Date / time
Date(s) - 10/05/2022
6:00 pm - 8:00 pm
JUSTICE is pleased to invite you to a discussion on how customary interactions with international law may be enriched by having a deeper understanding of non-Western cultures.
This event will address the African value of Ubuntu (“I am because we are”), which conveys the idea that one’s humanity is inextricably connected to others through notions of community, interdependence, solidarity and shared dignity. Ubuntu has existed, in different linguistic renditions, in various African indigenous justice systems for centuries and parallels can be drawn with notions of Western dignity, Chinese Confucianism, the Germanic notion of Bildung and the equity doctrine under English law.
Chaired by the Rt Honourable Lady Justice Ingrid Simler, our panel includes Professor Sandra Fredman QC (Hon), Guglielmo Verdirame QC, and Dr Ndjodi Ndeunyema.
Our panel will consider whether Ubuntu offers an opportunity to enhance international law through a powerful message that can help society collectively navigate issues of humanity, including matters such as the impact of climate change. The conversation also will reflect on the recently published book, Re-invigorating Ubuntu Through Water: A Human Right to Water Under the Namibian Constitution, written by Skadden trainee solicitor Dr Ndjodi Ndeunyema, who will join us to discuss whether there is a human right to water under international law. The book is based on Dr Ndeunyema’s PhD research that was awarded the inaugural 2021 Subedi Prize for the best law doctoral thesis at the University of Oxford.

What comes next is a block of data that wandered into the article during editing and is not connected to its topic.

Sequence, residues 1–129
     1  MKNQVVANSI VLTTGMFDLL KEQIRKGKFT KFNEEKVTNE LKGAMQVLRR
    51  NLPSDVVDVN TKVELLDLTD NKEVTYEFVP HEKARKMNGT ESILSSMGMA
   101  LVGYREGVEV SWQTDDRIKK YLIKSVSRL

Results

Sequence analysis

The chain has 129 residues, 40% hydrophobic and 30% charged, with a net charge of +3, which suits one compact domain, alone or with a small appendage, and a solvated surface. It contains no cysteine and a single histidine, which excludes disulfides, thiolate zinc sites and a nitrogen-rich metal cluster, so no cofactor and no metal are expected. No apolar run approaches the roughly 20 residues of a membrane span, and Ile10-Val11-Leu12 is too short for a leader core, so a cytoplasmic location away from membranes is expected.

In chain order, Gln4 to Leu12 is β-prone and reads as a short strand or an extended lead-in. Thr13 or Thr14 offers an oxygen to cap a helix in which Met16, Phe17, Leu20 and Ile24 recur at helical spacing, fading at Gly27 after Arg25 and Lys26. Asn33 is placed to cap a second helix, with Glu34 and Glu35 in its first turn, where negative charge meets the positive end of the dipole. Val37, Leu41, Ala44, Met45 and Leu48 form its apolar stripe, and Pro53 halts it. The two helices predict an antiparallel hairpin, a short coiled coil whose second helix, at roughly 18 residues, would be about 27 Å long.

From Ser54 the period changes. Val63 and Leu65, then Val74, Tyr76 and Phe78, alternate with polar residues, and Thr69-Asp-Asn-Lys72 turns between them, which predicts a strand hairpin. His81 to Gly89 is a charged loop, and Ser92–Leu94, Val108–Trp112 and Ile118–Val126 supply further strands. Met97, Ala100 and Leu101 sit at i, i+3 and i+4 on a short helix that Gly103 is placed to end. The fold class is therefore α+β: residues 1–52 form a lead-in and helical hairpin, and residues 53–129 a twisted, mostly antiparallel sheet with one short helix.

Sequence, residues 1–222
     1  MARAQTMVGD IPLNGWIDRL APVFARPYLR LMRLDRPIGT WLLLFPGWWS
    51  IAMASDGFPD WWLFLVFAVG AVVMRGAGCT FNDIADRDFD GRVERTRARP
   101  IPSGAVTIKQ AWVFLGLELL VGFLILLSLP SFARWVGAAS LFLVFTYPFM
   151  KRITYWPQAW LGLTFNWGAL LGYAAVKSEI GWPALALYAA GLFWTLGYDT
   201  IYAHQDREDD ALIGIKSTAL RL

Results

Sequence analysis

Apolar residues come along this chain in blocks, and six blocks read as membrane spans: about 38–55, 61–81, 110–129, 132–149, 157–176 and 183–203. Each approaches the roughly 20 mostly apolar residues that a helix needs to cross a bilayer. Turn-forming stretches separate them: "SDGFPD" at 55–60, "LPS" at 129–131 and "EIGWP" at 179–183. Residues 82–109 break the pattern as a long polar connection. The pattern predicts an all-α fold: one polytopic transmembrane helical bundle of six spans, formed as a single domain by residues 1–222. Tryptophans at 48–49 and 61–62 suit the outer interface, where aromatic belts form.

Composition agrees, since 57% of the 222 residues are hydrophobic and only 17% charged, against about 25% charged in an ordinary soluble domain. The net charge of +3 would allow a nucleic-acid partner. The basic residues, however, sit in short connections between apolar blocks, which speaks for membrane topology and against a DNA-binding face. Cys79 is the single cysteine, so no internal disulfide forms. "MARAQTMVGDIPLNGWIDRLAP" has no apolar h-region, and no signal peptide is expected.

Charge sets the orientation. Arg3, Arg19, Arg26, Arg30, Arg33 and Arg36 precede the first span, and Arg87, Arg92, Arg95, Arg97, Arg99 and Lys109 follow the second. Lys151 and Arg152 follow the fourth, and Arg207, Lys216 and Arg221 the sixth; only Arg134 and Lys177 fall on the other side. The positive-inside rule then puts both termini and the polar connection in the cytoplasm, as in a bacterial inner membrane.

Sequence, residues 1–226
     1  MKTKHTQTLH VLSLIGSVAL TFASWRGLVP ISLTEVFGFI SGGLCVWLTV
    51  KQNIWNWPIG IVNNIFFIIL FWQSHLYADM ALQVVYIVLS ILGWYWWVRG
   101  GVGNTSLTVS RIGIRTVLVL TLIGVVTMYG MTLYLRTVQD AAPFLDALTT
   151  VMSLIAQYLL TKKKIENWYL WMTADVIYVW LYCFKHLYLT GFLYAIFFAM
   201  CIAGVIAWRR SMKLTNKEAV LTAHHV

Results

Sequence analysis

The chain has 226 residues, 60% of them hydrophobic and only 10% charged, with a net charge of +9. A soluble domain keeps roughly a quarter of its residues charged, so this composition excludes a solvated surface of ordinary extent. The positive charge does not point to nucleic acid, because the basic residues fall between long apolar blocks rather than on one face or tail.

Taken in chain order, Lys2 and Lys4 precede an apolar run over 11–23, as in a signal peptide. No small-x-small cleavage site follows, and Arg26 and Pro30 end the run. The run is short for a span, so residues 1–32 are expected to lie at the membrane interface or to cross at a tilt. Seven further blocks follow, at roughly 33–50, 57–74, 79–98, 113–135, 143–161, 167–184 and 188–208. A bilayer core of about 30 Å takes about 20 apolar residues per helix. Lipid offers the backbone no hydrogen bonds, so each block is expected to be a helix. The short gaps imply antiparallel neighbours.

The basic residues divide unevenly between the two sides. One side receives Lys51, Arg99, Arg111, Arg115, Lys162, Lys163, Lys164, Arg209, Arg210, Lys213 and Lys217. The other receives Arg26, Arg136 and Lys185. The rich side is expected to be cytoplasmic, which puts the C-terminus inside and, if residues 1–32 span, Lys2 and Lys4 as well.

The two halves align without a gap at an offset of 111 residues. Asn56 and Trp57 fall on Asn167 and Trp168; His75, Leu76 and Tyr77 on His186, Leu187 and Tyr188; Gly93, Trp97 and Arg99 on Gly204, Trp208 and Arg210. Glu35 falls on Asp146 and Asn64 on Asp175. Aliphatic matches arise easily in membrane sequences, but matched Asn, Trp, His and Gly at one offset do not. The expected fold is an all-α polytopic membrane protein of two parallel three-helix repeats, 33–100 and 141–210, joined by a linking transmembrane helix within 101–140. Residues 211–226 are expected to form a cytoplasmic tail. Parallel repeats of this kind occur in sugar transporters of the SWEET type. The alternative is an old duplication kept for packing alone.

We are grateful to Skadden, Arps, Slate, Meagher & Flom (UK) LLP for supporting this event.
We are currently operating a waiting list for this event – please email email@example.com to be added.
Chair: the Rt. Hon. Lady Justice Simler
Dame Ingrid Simler
Dame Ingrid Simler was called to the Bar by Inner Temple in 1987, having read law at Cambridge University and completed a post-graduate diploma in EU law at the Europa Institute, University of Amsterdam. She practised at the Bar at Devereux Chambers (where she became Head of Chambers before becoming a judge). She was appointed to the Attorney General’s Civil Panel A in 2001 and as Junior Counsel to the Inland Revenue (Common Law) in 2002. She took Silk in 2006.
In 2002 she was appointed Recorder on the SE circuit. She was appointed as a Deputy High Court Judge in 2010. She became a Judge of the High Court (Queen’s Bench Division) in October 2013. In January 2015 she was appointed President of the Employment Appeal Tribunal for a three-year term which ended on 31 December 2018.
Having served as High Court Liaison Judge for Diversity, she was appointed chair of the Diversity Committee of the Judges Council in 2019. She is also a member of the Civil Executive Team chaired by the Deputy Head of Civil Justice, reporting to the Master of the Rolls. She was sworn in as a Lady Justice of the Court of Appeal in June 2019.
Professor Sandra Fredman QC (Hons)